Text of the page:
Wednesday, 18 January 2012

Interview at AIT- Part2

I gave in when I got more 'compelling' texts the next morning (Tuesday 10th) and ended up going to the television station with an affable man, Chike who has a mobility challenge and a visually-impaired man. I received a copy of the statement written by the president of the umbrella association for Persons with Disabilities in NGR. It was a good statement but I had an issue with the 'stipend' bit which to me, tended to project that the association would be willing to accept the 'stipend' and nothing else, should in case the government goes ahead with its insensitive, anti-people policy on the fuel subsidy removal issue.

We had an opportunity to meet two very visible high-ranking government officials who are the President's spokespeople on this controversial policy: CBN(Central Bank of NGR) Governor, Sanusi Lamido Sanusi and the Minister of Finance, Dr. Ngozi Okonjo-Iweala who were at the station for a live discussion. They seemed pleasant to us when we introduced ourselves. I give some credit to both. Why? Because Dr. Okonjo-Iweala acknowledged the oversight and apologised when she was confronted about the fact that no PWD was consulted before they decided firmly on that policy. And she acknowledged that PWDs can be productive with the assistance of the government. She was reminded that the President has not signed the Disability Bill. On his part, the CBN governor informed us about the new employment policy for PWDs that CBN had just introduced at the beginning of the year. He explained that apart from trying to get more PWDs working in areas relevant to CBN, he has mandated that at least 1bank branch in each major location is physically-accessible (I took it up with his aide afterwards that they have to do something for those with hearing impairments and I insisted that they have staff who is trained in Sign Language. **shrug** If I/we don't demand, I/we don't get!! I was invited for a roundtable at the CBN headquarters as a representive of the deaf/hard-of-hearing).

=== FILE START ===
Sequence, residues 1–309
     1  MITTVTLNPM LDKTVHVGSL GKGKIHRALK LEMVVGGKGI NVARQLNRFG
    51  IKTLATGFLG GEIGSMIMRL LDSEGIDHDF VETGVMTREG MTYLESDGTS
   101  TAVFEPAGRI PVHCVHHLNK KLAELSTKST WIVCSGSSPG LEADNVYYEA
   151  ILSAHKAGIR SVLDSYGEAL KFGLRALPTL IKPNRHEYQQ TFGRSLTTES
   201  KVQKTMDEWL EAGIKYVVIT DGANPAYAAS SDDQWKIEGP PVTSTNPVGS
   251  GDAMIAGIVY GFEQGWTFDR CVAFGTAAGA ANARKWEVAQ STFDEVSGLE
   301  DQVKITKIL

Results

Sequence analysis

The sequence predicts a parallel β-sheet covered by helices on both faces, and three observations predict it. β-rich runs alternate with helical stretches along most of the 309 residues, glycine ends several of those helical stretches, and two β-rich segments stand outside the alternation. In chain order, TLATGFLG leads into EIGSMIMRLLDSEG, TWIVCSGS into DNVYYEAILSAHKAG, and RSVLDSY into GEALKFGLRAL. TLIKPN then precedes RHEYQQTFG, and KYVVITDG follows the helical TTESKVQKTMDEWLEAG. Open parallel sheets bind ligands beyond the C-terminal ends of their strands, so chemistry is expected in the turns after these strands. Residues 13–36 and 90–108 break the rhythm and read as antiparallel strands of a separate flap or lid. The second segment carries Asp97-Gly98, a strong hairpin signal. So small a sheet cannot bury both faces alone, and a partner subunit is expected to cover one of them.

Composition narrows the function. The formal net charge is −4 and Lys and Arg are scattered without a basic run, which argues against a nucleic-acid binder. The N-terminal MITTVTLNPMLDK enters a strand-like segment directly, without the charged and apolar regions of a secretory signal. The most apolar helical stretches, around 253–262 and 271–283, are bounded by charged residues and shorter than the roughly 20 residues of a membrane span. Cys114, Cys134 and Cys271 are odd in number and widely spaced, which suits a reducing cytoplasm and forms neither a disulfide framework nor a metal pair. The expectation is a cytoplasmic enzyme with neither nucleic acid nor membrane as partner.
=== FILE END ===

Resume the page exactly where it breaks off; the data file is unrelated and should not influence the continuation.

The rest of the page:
They both went away with a copy of the statement which I received that morning. The big problems which I had with them was that at the time we interacted, they failed to understand that the three well-spoken and educated people with disabilities are only spokespeople for the majority who are far less-privileged. We tried to make them realise that but sorry to say, think they are still disconnected from the reality on ground.

As we all know now, the government made a unilateral decision to 'slightly' reduce the pump price from N141 to N97. The debates on everything pertaining to fuel subsidy removal (from the timing, effects on the masses to lack of transparency and corruption particlarly in the petroleum industry) are hot and raging.

The corruption in NGR is so prevalent and extremely poor governance is having detrimental effects on PWDs. I'll be concentrating on how PWDs can turn the tide by taking their civic responsibilities seriously. From events that unfolded last week ie the near total shutdown of services around NGR during the week-long strike has lent credence to the fact that the masses DO have a voice.

I stop for now with apologies for not submitting my blog entries regularly this year. And apologies for not posting a video of the said discussion with the CBN governor and the Finance Minister. I will try to retrieve a copy from AIT.

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